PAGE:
Friday, September 19, 2008

Time for Fall Planting

Daylily beds with some divisions
What glorious weather we have been having and it is a good thing, as the now "unretired" Gulish couple are busy from dawn 'til dusk (I do have a tendency to exaggerate!) working on the perennials.

Earlier in the week we were weeding the beds and dividing daylilies and have been dividing many varieties of iris on and off the last few weeks. Then on Tuesday our friendly UPS man arrived with boxes of bare root peonies promising to return the next day with an equivalent load. After my initial excitement of getting the shipment with the anticipation of blooms next spring, I realized I was missing an important step--planting the peonies.

Peonies potted for Spring of 2009

Now is a perfect time to plant peonies for next spring along with the other perennials that you and we may be dividing and planting for next year's garden treasures.

We are now offering bare root peony roots for sale at Pittsgrove Farms at prices reduced from what they will be potted in the spring. Pittsgrove Farms will be open the next two weekends, Friday-Sunday, 9:00-5:00, September 19-21 and 26-28, or by appointment on weekdays. And naturally our iris and daylily varieties will also be available. For directions and contact information please click here to go to our website.

As the days grow shorter and we have less time to work in the garden, now is ideal to cram in that last minute gardening for the big payoff in the spring of beautiful blooms. You can sleep in the winter, at least that is our plan.

Monday, September 15, 2008

In Honor of "The Land Down Under"

My apologies for my long absence. You must remember we are "retired"! At least we were for a few weeks with a much too short visit with our dear west coast family and then some fun in the sun down the Jersey shore (no one in Jersey goes to the beach--it's always "the shore").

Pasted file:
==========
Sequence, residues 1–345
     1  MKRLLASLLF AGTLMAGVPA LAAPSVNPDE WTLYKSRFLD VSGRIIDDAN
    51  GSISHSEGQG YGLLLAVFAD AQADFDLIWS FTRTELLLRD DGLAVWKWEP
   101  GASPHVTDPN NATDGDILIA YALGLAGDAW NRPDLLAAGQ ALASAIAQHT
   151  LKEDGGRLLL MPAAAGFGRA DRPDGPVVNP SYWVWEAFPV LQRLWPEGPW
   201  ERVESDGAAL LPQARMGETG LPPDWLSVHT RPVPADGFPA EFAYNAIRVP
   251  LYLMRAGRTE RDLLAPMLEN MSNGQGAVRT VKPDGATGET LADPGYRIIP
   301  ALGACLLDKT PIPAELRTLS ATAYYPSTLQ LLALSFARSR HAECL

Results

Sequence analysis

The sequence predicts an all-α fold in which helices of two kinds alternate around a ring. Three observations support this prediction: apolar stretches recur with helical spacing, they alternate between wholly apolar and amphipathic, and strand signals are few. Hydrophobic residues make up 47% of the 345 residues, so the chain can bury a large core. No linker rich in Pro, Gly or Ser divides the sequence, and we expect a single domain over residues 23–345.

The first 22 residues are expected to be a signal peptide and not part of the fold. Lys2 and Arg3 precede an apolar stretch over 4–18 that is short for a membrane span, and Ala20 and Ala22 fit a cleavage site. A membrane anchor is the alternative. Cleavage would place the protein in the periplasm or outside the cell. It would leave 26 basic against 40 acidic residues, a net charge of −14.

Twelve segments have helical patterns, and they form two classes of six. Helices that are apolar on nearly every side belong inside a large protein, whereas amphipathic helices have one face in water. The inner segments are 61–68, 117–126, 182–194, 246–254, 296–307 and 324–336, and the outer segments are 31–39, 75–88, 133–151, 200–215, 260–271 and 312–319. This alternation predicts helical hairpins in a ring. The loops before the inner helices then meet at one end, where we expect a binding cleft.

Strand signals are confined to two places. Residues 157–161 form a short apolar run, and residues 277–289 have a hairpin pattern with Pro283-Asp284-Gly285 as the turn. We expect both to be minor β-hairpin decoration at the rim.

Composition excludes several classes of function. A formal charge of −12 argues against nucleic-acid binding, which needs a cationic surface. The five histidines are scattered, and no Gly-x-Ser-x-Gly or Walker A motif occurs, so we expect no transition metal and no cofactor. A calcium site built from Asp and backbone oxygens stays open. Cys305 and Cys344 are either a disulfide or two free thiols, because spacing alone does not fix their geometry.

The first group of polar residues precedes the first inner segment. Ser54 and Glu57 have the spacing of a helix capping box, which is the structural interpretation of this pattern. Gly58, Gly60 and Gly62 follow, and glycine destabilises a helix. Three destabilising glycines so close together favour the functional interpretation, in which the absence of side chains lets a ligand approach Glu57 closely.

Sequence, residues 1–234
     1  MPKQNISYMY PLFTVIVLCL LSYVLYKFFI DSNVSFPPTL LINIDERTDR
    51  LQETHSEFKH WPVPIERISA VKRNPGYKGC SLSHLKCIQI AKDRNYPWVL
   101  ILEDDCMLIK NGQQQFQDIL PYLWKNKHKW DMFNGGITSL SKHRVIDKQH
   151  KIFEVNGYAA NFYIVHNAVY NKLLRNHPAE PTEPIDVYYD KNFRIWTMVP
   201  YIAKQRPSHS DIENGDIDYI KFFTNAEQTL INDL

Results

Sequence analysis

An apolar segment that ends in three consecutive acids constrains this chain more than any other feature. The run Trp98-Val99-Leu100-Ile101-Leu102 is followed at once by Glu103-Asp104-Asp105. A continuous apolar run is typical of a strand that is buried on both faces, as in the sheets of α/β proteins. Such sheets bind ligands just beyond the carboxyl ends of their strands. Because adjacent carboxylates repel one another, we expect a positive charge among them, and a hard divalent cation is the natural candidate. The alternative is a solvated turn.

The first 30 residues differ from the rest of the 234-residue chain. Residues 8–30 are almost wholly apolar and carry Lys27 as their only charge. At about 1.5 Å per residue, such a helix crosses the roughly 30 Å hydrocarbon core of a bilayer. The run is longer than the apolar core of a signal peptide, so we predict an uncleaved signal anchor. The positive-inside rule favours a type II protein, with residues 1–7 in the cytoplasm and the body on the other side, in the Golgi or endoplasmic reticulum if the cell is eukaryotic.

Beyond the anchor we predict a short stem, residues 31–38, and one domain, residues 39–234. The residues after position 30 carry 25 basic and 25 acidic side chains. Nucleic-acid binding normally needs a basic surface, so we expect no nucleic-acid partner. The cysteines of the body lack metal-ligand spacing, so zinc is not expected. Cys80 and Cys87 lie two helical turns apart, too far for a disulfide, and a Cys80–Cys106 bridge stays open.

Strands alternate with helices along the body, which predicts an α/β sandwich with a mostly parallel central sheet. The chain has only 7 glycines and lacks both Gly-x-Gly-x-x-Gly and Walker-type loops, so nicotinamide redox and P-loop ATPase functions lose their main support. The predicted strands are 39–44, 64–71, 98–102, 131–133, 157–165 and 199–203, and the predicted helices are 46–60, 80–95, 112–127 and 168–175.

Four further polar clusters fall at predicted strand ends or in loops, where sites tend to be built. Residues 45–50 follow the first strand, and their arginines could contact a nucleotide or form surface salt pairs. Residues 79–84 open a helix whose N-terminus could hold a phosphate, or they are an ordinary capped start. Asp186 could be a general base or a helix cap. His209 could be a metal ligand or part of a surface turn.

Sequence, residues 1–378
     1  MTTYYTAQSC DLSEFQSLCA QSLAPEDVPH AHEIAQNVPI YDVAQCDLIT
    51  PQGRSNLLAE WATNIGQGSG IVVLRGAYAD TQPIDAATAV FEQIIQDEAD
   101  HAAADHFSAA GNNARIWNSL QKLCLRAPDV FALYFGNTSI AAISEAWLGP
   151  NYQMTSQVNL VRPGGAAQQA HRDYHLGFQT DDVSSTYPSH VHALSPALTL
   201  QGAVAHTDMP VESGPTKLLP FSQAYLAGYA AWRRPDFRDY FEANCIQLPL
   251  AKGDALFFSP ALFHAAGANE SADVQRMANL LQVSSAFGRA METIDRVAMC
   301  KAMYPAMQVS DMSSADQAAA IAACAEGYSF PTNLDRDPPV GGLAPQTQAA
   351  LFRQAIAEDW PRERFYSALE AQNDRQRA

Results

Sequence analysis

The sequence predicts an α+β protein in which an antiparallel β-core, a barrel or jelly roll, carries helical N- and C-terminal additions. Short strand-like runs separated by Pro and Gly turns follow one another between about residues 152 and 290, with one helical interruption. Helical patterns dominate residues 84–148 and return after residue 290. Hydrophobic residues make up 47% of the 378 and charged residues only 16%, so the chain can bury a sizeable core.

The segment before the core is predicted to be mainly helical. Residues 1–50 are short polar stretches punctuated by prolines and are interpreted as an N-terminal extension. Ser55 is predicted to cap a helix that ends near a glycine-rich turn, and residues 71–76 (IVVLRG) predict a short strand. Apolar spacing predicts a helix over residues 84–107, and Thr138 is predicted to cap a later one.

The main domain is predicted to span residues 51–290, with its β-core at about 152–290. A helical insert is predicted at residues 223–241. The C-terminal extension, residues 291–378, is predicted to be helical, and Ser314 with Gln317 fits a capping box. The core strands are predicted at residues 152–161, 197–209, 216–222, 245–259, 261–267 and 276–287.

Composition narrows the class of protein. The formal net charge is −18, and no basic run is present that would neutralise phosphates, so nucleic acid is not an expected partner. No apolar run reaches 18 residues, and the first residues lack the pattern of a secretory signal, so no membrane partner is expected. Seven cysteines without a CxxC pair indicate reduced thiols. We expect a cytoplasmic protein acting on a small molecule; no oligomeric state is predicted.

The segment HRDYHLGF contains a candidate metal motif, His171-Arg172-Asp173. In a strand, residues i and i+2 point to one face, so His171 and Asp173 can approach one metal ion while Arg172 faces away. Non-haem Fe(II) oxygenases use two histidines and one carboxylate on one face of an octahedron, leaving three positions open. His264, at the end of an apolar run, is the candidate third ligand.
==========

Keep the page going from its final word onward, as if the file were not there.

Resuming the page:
Now it is back to business, and with the weeds that awaited us as always, computer work piling up, and an email saying our first batch of peony roots have been shipped, we are certainly out of retirement mode.

John sometimes teases me that I like to order plants the same way his beloved mom used to pick race horses on the rare occasions she went to Monmouth Park-by their nifty names. Just like Grandma Gulish, my picks often turn out to be winners.

Two of those, one a daylily, the other a tall bearded iris fall into that category. Each was chosen because of my very special Australian aunt and uncle who are also avid gardeners.
The award winning daylily, Anzac, struck a very special chord with me as the acronym, ANZAC stands for the Australian New Zealand Army Corps of which my Uncle Graham was a proud member dating back to WWII when he served alongside my American GI Dad in New Guinea. Of course that daylily had to be grown in his honor and turned out to be a tall, stately addition to our stock beds.It is fortunate for me that my Uncle Graham and Auntie Rae have keen senses of humor as evidenced by the nicknames I gave them, Duke and Ramona. Although now in their 80's, they display the pluck and "can do" spirit of people decades younger, which is why they will laugh when I say I chose Pagan Dance as a tribute to them! I by no means consider them pagans, but after reading the description of this iris, I knew we had to grow it.

What caught my attention first naturally, was that it was from Australia, but the fact it was a rebloomer and so rich in color added to its desirability. We planted the rhizomes a month ago and much to my surprise, like my aunt and uncle, this plant shows great spunk! Who would expect it to bloom so soon after planting and just not a single bloom, but a cluster. Pagan Dance has brightened our otherwise colorless field, just as my aunt and uncle have brightened my life with their lighthearted ways.